Last updated on October 4, 2013
You don’t go to Singapore to see the sites or discover its history; you go to Singapore to indulge in a heavenly world of flavour. Singaporeans live for their food. They talk about it constantly and greet each other not with a “how are you?”, but with a “have you eaten yet?” Their lives and conversations revolve around breakfast, lunch, dinner and the mini meals in-between. From simple street stalls selling haute hawker fare, to five-star skyscraper restaurants offering world-class fine dining – food means everything in this global melting pot. But with so much on offer, where on earth are you meant to start?
Don’t worry, hungry traveller, for here is your gourmet guide to Singapore’s very best eats.
1. Chili Crab: Singapore’s Officially Unofficial National Dish
One of Singapore’s true signature dishes, chili crab is served in a delicious spicy chili and tomato gravy. The locals can’t get enough of it and you’ll see them mopping up the gravy with little mantou buns – delicious!
Where to eat chili crab in Singapore: Roland Restaurant is said to be the originator of this spicy surprise. Find them at: Block 89 Marine Parade Central #06-750
2. Fish Head Curry: Indian and Chinese Fusion
Singapore’s fusion of different cultures has led to all kinds of weird and wonderful dishes. Back in the late ‘70s an Indian restaurant owner started adding fish heads to his curries to impress his Chinese clientele. Needless to say, it worked a treat and soon became one of Singapore’s favourite meals. Served with rice and banana leaves, these days you’ll find the fish heads are strictly that of the exotic red snapper variety – their cheeks are surprisingly tender and meaty.
Where to eat fish head soup in Singapore: The Banana Leaf Apolo has been serving up this cheeky little dish for decades now and they certainly know what they’re doing. Find them at: 54 Race Course Road, tel +65 6297 1595
3. Kaya Toast: Like British Breakfast, but Better!
A remnant of Singapore’s days under British rule, Kaya Toast is, perhaps, best described as the Asian version of Britain’s favourite breakfast snack: toast with jam. But, instead of using strawberry jam like the Brits, the Singaporeans use a sweet coconut and egg spread, often adding a healthy dash of soy sauce for an extra kick. Served as a quick and delicious snack with a cup of coffee or tea, Kaya Toast is a classic Singaporean snack you need to try.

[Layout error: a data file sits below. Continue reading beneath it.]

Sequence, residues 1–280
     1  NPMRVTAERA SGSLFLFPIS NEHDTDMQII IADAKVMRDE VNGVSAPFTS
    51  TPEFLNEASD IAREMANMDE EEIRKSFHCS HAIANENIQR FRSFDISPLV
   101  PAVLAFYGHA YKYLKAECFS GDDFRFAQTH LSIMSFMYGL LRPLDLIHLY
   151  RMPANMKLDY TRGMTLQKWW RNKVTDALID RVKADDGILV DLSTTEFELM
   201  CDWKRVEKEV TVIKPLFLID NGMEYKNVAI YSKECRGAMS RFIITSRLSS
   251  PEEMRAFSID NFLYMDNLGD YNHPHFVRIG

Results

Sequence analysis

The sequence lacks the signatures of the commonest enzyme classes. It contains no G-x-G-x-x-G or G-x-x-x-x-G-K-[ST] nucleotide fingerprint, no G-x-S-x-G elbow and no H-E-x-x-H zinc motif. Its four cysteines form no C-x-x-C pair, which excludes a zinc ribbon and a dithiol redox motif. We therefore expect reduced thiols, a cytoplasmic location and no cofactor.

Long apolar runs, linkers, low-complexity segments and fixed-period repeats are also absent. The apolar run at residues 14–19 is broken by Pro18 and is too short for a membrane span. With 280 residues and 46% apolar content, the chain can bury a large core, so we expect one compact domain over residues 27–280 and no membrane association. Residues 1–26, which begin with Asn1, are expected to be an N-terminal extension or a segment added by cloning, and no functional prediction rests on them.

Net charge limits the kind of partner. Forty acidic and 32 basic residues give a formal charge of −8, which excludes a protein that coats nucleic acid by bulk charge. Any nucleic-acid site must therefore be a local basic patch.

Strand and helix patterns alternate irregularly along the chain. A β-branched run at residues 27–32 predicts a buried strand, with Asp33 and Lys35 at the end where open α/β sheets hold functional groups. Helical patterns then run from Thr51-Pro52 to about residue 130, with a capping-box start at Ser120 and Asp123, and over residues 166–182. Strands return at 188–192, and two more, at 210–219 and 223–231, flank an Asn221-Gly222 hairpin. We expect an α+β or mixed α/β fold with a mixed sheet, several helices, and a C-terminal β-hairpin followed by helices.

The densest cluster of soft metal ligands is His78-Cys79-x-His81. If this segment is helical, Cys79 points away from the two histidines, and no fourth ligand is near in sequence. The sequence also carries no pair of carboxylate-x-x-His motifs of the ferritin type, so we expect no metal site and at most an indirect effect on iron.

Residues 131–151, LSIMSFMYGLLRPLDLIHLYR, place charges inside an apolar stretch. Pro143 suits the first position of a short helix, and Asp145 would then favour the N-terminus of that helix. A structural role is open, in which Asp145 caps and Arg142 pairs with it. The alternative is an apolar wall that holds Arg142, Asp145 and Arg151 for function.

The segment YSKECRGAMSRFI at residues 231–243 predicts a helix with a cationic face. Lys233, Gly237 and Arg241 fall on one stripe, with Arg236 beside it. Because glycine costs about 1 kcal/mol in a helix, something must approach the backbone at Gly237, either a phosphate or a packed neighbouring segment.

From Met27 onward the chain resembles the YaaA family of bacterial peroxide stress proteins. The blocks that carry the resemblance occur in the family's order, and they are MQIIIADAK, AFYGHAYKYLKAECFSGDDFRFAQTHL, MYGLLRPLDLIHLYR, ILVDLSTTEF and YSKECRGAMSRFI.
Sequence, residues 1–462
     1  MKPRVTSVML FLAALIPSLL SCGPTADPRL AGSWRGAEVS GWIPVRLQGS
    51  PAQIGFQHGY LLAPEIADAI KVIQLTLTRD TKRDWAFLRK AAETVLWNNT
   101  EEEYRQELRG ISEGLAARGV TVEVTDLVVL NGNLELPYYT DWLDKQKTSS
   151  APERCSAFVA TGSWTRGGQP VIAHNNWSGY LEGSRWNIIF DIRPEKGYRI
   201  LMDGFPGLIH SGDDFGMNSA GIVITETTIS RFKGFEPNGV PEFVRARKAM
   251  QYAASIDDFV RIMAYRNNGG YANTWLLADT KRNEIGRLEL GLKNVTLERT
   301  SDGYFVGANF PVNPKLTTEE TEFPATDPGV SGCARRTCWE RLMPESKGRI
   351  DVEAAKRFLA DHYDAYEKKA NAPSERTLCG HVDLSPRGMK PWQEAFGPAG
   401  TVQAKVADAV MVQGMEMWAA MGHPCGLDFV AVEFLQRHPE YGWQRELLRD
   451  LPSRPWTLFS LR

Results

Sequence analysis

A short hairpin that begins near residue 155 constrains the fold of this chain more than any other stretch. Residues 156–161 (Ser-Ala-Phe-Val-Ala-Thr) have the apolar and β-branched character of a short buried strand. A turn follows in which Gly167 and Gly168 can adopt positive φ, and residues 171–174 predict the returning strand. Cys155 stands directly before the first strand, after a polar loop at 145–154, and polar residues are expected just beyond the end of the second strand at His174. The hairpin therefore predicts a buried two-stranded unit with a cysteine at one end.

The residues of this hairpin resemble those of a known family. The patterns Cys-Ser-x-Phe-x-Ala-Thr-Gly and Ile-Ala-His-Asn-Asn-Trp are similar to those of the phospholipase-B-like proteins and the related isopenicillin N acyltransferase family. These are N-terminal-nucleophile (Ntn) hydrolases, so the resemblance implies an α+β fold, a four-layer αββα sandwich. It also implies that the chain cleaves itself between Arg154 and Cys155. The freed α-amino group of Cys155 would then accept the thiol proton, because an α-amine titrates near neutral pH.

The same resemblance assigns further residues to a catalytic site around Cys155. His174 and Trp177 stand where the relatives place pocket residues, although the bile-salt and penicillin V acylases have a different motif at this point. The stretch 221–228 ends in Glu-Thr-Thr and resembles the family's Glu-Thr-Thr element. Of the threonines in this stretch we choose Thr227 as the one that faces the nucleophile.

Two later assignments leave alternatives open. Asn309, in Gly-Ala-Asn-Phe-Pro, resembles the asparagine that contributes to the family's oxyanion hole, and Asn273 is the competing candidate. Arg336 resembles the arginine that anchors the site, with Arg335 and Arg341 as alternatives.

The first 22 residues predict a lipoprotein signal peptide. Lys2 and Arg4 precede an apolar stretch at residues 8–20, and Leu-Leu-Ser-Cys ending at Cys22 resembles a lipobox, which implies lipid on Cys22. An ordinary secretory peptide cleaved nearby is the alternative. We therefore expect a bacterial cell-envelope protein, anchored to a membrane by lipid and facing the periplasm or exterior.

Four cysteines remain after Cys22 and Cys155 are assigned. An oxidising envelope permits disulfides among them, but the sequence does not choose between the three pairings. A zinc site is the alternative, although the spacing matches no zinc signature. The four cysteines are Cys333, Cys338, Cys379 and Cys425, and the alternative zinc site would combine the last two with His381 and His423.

Where to eat kaya toast in Singapore: If there’s one company that turned Kaya Toast into a cultural classic, it has to be Ya Kun Kaya Toast. The company started as a one-stall company, but has recently opened franchises across Singapore. When you see one on your travels, make sure you pop in!
4. Dim Sum: Chinese Tapas
The Chinese community accounts for about 75% of Singapore’s total population. As you might imagine, this makes a massive impression on the city’s cuisine. Dim Sum is similar to tapas in the sense that it is prepared in tiny, bite-size portions. Each little pastry dumpling is filled with pork, chicken, or perhaps prawns or other seafood. Every bite is a pleasure, and at these super low prices, you can afford to keep putting them in your mouth all day long.
Where to eat dim sum in Singapore: For super high quality and pleasingly low prices, head to Crystal Jade Golden Palace at 290 Orchard Rd, Singapore 238859
5. Chicken Rice: It’s All About Balance
Chicken rice is another one of Singapore’s unofficial national dishes; everyone loves it and has their own views on how it should be made. It’s all about the rich soy sauce, chili and garlic; and it must be served with aromatic rice which glistens with chicken fat.
Where to eat chicken rice in Singapore: You’ll find chicken rice served at most hawker centres and street stalls, but a particular favourite is Tian Tian Chicken Rice, which is frequented by international celebrities, including Britain’s infamous chef, Gordon Ramsey. Find it at #01-10 Maxwell Food Centre, Singapore 069120.
Other Important Information
Where to stay: If you’re looking for luxury and money isn’t too much of a problem, stay in the 5* area of Marina Bay. But if you’re on a tight budget and don’t have much time, be sure to stay near to Orchard Road, where you’ll stumble across a ton of affordable hostels.
How to get there: Singapore flights tend to fluctuate in price throughout the year. Be sure to keep an eye on all of the big online travel comparison sites to make sure you know when there are offers to be had.
Etiquette: There are many different cultures within Singapore, but you should be able to get by with shaking hands or offering a small bow when meeting someone. The key is to be assertive in your intention as it is widely considered that the woman should extend her hand first. It’s also important to greet older people first, and to respect status at all times.